Creative Victoria: A History of 119 Years of Creativity at Victoria University of Wellington
Creativity isn’t all about individual inspiration and work. It sparks from the cross-fertilisation of energy and imaginations and ideas, and thrives in institutional, social and cultural places that recognise the worth of cultural activity and creative expression, and that make room for and foster it.
Over 119 years (and counting) Victoria University has made huge contributions to the cultural and creative life of Wellington and New Zealand, and beyond—in music, art, theatre, film, architecture, creative literature and publishing. It has actively sought to encourage creative thinking and creative expression—in a diversity of forms, across a diversity of fields—and to establish the creative arts as not only a legitimate but a vital part of the institution and its work.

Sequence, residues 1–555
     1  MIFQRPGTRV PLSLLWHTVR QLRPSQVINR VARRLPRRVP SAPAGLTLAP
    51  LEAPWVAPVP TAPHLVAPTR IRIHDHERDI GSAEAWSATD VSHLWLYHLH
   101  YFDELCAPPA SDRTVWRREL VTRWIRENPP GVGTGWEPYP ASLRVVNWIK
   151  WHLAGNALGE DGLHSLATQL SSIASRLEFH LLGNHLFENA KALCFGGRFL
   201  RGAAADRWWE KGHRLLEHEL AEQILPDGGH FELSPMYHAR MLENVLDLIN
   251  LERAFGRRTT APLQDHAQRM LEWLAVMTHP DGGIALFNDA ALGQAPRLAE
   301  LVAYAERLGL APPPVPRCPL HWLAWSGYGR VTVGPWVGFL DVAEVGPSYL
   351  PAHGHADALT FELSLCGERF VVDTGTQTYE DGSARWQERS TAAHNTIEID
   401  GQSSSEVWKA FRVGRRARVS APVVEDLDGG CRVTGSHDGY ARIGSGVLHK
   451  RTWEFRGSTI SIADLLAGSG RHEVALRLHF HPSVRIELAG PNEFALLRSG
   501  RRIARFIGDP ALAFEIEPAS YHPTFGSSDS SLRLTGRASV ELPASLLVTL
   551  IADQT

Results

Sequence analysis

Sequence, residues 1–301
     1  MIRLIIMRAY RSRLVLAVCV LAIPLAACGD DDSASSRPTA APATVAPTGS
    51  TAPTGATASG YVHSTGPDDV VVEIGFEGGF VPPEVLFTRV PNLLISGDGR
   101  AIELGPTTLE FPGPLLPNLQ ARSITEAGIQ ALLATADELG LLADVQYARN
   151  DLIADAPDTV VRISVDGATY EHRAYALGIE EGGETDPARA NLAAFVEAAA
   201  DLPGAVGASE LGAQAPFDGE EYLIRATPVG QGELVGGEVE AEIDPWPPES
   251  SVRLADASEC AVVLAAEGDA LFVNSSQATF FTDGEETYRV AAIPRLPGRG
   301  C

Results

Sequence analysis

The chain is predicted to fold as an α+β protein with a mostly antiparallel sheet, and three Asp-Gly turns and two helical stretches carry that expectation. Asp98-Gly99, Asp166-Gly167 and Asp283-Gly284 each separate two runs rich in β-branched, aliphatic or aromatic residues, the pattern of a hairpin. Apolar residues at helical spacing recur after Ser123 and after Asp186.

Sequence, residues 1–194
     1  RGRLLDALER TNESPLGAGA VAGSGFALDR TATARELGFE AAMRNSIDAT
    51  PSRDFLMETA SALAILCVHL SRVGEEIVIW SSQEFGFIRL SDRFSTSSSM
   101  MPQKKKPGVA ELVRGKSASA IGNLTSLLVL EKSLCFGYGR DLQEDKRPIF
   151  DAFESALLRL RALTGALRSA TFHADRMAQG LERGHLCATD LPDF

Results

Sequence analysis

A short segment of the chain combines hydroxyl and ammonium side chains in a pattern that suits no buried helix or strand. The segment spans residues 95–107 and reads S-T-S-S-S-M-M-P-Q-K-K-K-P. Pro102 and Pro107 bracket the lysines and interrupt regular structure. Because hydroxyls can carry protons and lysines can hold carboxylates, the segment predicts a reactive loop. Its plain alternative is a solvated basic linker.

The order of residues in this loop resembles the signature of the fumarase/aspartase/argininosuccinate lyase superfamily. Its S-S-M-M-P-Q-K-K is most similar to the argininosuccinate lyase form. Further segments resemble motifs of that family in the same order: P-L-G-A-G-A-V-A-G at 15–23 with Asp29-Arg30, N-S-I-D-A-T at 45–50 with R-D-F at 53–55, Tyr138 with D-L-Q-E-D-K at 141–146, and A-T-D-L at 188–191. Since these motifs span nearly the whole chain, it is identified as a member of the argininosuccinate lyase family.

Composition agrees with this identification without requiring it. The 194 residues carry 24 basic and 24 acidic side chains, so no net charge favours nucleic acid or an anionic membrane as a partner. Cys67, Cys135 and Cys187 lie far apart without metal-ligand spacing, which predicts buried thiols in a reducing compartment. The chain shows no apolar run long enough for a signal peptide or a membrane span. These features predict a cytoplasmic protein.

This is a story not only of the creative activity that has come out of Victoria, but also of the university’s role as a custodian of cultural treasures, and of its engagement with creative and cultural life beyond its doors. It is a rich and distinctive history, one of which the University of Wellington can be proud.
240x210, colour throughout, 176pp
Rachel Barrowman is a biographer and historian. Her books include Mason: The Life of R.A.K. Mason, which won the 2004 Montana New Zealand Book Award for Biography and Memoir, and Maurice Gee: Life and Work, which was a finalist in the Ockham New Zealand Book Awards 2016.